If you ask any recovering drug addict or alcoholic about medicating their feelings, most of them will realize that this is definitely true: They were medicating their mood during their addiction. They wanted to be happy all the time, or they at least wanted to avoid feeling negative emotions if possible. And in the beginning of their addiction, their drug allowed them to do this perfectly. The first few times they got wasted, their buzz completely eliminated all of their emotional problems and made them happy. It was like magic.
This is why they got addicted! Of course the buzz was great in the beginning, that’s how it led them to addiction. Their drug of choice worked perfectly at doing what they wanted it to do. As Louis CK says “All drugs are, is the perfect solution to every problem that you have right now….and they’re so good, that they ruin your life!” All joking aside, people laugh because they know the truth in what he is saying: The reason that people get addicted in the first place is because they love the effect that is produced when they use their drug of choice.
In the end, however, regardless of what drug of choice you choose, that buzz becomes a coping strategy that you are using to shield yourself from reality with. And we are not talking about your physical reality, we are talking about your emotional reality.
In other words, whether a person is addicted to alcohol, or marijuana, or painkillers, or cocaine, in the end they are all medicating themselves in order to avoid reality, in order to numb their feelings, in order to escape from themselves.
When you first start experimenting with a drug, this is not the effect that you get. At first the drug is unique, you have fun, you enjoy the buzz, you are “partying” with it. But eventually it is just an escape.
Certain drugs can fill this role. We call those drugs “addictive.” Alcohol, opiates, cocaine, meth, marijuana, and a host of other substances can all remove us from reality.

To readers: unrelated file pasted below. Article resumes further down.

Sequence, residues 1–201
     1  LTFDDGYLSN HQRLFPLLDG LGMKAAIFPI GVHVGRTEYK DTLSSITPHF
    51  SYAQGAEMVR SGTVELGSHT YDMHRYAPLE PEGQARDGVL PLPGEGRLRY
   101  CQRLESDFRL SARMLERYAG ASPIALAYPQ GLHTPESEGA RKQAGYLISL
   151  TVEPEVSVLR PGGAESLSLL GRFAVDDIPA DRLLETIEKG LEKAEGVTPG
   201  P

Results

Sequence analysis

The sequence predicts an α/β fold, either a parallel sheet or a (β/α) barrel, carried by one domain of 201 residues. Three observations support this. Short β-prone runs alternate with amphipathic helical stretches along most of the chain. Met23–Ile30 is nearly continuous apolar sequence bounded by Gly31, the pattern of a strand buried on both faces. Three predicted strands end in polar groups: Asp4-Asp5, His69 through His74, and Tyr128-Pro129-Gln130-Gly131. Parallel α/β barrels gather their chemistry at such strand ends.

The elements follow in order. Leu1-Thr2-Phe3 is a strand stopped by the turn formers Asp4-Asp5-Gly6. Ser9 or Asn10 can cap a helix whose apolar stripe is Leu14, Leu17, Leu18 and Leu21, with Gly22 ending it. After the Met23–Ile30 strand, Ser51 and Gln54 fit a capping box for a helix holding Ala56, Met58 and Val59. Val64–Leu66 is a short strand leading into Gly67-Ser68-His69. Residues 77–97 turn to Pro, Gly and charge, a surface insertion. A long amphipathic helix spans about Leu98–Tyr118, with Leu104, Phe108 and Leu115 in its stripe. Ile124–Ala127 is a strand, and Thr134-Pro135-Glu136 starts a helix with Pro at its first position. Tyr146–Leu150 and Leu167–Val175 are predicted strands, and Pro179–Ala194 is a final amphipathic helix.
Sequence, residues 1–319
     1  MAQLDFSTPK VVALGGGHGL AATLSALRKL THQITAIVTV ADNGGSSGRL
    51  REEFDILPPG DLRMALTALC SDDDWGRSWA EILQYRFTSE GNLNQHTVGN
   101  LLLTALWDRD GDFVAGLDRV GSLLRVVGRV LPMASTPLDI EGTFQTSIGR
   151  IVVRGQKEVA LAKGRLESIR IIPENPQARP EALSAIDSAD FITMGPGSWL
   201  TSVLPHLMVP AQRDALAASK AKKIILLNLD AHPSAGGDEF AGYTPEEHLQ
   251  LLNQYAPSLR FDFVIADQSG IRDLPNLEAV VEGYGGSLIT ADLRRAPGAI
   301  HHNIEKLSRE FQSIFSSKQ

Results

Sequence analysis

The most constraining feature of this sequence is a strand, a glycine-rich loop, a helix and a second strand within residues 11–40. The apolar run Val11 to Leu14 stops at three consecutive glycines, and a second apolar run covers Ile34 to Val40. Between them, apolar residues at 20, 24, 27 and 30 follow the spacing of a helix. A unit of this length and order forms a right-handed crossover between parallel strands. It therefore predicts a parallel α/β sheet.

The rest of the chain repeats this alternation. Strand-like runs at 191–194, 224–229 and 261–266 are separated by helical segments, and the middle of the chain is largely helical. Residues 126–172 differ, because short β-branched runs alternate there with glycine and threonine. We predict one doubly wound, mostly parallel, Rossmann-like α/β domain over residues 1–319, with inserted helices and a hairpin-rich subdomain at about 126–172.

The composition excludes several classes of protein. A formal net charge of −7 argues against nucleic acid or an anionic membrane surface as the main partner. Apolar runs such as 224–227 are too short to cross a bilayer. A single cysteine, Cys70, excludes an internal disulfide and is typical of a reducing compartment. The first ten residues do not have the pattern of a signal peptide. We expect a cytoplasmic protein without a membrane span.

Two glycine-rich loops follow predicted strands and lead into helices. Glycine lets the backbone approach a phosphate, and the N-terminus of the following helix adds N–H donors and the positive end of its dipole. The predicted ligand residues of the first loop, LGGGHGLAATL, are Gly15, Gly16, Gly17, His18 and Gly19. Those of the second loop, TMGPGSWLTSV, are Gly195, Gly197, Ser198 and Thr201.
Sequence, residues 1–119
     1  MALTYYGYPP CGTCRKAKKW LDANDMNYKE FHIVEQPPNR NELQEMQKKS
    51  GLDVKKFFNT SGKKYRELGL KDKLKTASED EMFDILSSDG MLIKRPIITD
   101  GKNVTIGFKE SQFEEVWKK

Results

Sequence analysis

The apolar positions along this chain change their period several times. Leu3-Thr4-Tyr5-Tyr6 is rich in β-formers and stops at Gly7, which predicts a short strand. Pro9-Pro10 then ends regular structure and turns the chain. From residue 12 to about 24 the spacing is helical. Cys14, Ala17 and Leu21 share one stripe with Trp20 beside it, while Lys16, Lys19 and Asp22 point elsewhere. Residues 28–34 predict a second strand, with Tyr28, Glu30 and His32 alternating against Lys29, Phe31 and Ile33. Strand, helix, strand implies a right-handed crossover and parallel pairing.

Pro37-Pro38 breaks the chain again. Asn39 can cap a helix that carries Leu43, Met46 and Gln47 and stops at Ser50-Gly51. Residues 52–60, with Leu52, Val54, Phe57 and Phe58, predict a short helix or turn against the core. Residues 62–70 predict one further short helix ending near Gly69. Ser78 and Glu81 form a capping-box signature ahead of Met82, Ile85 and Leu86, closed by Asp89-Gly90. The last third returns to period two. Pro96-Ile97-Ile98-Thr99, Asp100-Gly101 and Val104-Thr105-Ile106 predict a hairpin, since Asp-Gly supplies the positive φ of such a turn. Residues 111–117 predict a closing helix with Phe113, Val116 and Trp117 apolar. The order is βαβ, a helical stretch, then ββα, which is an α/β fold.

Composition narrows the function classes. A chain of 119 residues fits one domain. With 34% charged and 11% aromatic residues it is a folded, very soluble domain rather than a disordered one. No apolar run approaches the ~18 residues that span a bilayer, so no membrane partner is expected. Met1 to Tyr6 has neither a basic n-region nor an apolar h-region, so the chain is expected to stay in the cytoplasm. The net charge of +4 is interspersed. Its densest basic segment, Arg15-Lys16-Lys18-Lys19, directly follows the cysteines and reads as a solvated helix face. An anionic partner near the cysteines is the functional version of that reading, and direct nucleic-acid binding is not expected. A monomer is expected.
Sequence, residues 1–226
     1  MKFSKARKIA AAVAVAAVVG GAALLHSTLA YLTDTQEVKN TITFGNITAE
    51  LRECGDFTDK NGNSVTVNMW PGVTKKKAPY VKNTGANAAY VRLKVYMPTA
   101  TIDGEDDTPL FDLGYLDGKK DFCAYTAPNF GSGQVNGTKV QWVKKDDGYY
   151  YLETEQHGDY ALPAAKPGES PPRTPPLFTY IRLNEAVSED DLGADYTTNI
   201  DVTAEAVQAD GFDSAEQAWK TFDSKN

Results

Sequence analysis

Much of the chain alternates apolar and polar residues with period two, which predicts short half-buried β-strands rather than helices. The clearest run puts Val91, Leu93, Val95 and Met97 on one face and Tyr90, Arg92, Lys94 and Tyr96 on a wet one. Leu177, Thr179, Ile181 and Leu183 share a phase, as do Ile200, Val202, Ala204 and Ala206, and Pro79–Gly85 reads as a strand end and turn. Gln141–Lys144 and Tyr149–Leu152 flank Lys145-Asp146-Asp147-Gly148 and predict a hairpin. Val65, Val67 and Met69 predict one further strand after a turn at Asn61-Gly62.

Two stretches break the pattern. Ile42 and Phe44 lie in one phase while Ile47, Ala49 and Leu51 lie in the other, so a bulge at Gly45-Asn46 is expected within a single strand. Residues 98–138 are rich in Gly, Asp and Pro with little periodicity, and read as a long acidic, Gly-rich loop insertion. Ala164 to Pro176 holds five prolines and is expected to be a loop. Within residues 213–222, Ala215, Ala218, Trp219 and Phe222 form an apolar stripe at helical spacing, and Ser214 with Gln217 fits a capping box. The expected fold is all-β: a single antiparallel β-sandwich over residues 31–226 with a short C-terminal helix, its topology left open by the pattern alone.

In my opinion, the addict or alcoholic who believes that they can somehow cheat the rules of addiction and get away with using a different addictive substance is fooling themselves.
If they are successful at this kind of experiment, it is only because either:
A) They are not really addicted to any drugs or alcohol, or
B) They have not had enough time with the new substance for it to snowball into full blown addiction.
As they say “once an addict, always an addict.” I think that applies very well when we are talking about experimentation with other addictive substances.
My recommendation for you is to avoid addictive drugs and alcohol and treat them all as if they were your drug of choice because, potentially, they all are.
There are also a few side groups out there that attempt to teach moderation to alcoholics, to teach them how to drink successfully again. I have no direct experience with such groups but I do know that there have been some pretty big examples of failure among their more prominent members, giving some weight to the argument that maybe moderation really isn’t possible for true alcoholics and addicts.